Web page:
If you’re heading to the Ballestas, you’ll likely be departing for your boat tour from Paracas. This sleepy coastal town is situated on a beautiful stretch of Peruvian coast line 245 km (152 miles) south of Lima.
Its a great place to relax on the beach, plus Paracas makes a great hub for doing a lot of the cool adventures in the area (including the day trips on this list) if you prefer to stay somewhere close.
27. Take a scenic flight over the Nazca lines
If you’ve never heard of the Nazca lines, you might want to give it a quick Google image search. In short, these “lines” are actually a bunch of pre-Columbian era geoglyphs that are etched into the desert landscaping, covering over 350 square miles.
The site, which is rumored to have been made by aliens, has since been named a UNESCO World Heritage Site. The lines, which represent different animals and plants, have different theories as to their significance, but most scholars agree there is a religious significance.
Because of the scale of these other-worldly designs, they are best seen from above. There is a small viewing tower next to the main road from Nazca to Ica, but you can only see a couple of the lines. You can also venture to nearby hilltops to catch a better glimpse, but the best way to see the Nazca lines in their entirety is from the air.
How to see it yourself: You can book a tour from Lima which includes transportation to Nazca and an option for a 30, 40 or 60-minute scenic flight over the lines. Take photos from the panoramic windows in the plane and learn more about the significance of the lines and how they came to be.
Transportation in Lima
Certain neighborhoods in Lima are very walkable, but the city itself is huge and sprawling.
The easiest way to get around Lima is by Uber. It takes away the need for cash exchanging hands, and the tricky language barrier that sometimes gets in the way when trying to give directions to your destination. The ride service also adds an extra layer of protection that we appreciate as travelers.
Taxis are also plentiful in Lima if you are in a hurry and or don’t have data to catch an Uber. Be sure your driver sets the meter during your ride so you pay a fair price.
This spot in the Miraflores neighborhood allows you to rent a bicycle for 3 hours ($9 USD) or a full day ($15 USD). It’s a great way to see more of the city and get some exercise!
How to get from Lima Airport to the city
Airport Express Bus: This is the official airport shuttle system in Lima and it’s a convenient and cheap way to get from the Lima Airport to your accommodation in the city center, or vise versa. Check their website to see how it works, check timetables and find the nearest stop to you.
From the airport, you can find the Airport Express Bus Stand in the arrivals hall of both the domestic and international terminals. You can pay for your ticket at the stall. A ticket to the Miraflores neighborhood will only cost you about $8 USD. If you are catching the bus to the airport, you must have exact change to pay on board.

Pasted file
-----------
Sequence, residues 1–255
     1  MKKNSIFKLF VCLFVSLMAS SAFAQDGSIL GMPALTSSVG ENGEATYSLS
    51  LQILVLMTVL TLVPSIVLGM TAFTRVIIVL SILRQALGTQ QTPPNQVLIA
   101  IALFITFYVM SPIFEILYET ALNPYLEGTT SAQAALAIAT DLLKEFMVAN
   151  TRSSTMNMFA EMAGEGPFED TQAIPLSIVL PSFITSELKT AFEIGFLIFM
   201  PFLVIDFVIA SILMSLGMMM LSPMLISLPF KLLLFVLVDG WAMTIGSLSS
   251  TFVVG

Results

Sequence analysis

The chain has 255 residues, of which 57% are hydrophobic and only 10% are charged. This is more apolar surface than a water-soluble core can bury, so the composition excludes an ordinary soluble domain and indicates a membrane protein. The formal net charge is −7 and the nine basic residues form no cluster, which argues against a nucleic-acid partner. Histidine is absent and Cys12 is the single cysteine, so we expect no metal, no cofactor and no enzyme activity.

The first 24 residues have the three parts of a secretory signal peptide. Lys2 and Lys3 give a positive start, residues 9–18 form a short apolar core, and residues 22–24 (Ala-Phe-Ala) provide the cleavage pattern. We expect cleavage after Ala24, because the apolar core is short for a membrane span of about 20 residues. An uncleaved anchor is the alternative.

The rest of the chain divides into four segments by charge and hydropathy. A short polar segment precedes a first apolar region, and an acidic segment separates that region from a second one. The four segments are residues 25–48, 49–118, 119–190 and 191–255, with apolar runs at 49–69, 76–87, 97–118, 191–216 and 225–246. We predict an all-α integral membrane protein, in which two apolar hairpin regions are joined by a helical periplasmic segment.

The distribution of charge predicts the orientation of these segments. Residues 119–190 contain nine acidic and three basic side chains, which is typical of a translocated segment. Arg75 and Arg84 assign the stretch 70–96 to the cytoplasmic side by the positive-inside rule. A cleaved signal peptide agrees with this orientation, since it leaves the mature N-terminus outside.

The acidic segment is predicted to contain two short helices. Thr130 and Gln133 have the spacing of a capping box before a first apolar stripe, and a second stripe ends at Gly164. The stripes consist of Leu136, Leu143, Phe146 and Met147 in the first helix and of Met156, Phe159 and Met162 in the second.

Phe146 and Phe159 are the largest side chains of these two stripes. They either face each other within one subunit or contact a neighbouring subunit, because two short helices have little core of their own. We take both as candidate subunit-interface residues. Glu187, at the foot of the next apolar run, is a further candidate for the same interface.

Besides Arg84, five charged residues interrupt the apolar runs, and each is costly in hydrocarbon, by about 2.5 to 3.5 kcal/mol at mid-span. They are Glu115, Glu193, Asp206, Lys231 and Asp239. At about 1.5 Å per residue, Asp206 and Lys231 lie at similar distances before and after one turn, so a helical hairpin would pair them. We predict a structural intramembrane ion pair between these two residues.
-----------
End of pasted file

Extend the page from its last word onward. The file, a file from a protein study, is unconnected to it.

Where to Stay in Lima
With nice beds, free breakfast and walking distance to the heart of Miraflores, this was one of our favorite stays in Peru. They also have a killer bar with fun theme nights, like Lipstick Night: anyone wearing lipstick gets a free drink! And after a little coercing I was able to even get Ben to wear some!
You may recognize the Selina name as they have hundreds of hostels throughout Central and South America. Comfortable common areas, high-speed internet and lots of private rooms make it feel a bit more like a boutique hotel than a hostel.
If you are beyond the days of staying in hostels, but don’t want to splurge for a fancy hotel stay, we recommend using Booking.com or Airbnb to find an apartment in the Miraflores or Barranco neighborhoods. These areas are both centrally located, walkable and have plenty of things to do including cafes, restaurants and bars.
Tip: Find out exactly how we set our filters to find the best Airbnb for our stays in this detailed Airbnb guide, complete with a coupon code for $40 off your first Stay and $15 off your first Experience.
This gorgeous 4-star boutique hotel comes at a steal for your budget! With spacious suites, free wifi and an onsite restaurant, what more could you ask for?
A gorgeous guesthouse with private rooms overlooking Playa Barranco Beach in the hip bohemian arts district.
The stunning Hotel B, a Relais & Châteaux property, is just one block from Barranco Beach set in an elegant Belle Epoqué-style mansion. The luxury boutique hotel offers a beautiful outdoor terrace, well-decorated rooms and an onsite restaurant and bar.
Are you planning a trip to Peru?
We have lots of resources on travel in Peru and destinations throughout the country. Check out our Complete Peru Travel Guide for all the answers to your most burning questions, or read some of our favorite articles below.
- How to Get from Lima to Cusco
- Adventurous Things to Do in Cusco
- Hiking the Inca Trail to Machu Picchu
- Adventurous Things to Do in Huacachina Peru